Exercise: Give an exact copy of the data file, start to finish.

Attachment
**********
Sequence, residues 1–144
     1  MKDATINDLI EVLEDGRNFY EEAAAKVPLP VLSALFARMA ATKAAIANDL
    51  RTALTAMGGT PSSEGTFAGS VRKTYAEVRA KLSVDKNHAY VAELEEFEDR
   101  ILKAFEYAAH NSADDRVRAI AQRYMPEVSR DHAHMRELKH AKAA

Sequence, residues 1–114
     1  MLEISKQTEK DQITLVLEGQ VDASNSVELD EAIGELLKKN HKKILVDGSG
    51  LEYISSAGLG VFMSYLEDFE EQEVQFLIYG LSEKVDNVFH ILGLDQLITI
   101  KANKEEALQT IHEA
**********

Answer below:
Sequence, residues 1–144
     1  MKDATINDLI EVLEDGRNFY EEAAAKVPLP VLSALFARMA ATKAAIANDL
    51  RTALTAMGGT PSSEGTFAGS VRKTYAEVRA KLSVDKNHAY VAELEEFEDR
   101  ILKAFEYAAH NSADDRVRAI AQRYMPEVSR DHAHMRELKH AKAA

Sequence, residues 1–114
     1  MLEISKQTEK DQITLVLEGQ VDASNSVELD EAIGELLKKN HKKILVDGSG
    51  LEYISSAGLG VFMSYLEDFE EQEVQFLIYG LSEKVDNVFH ILGLDQLITI
   101  KANKEEALQT IHEA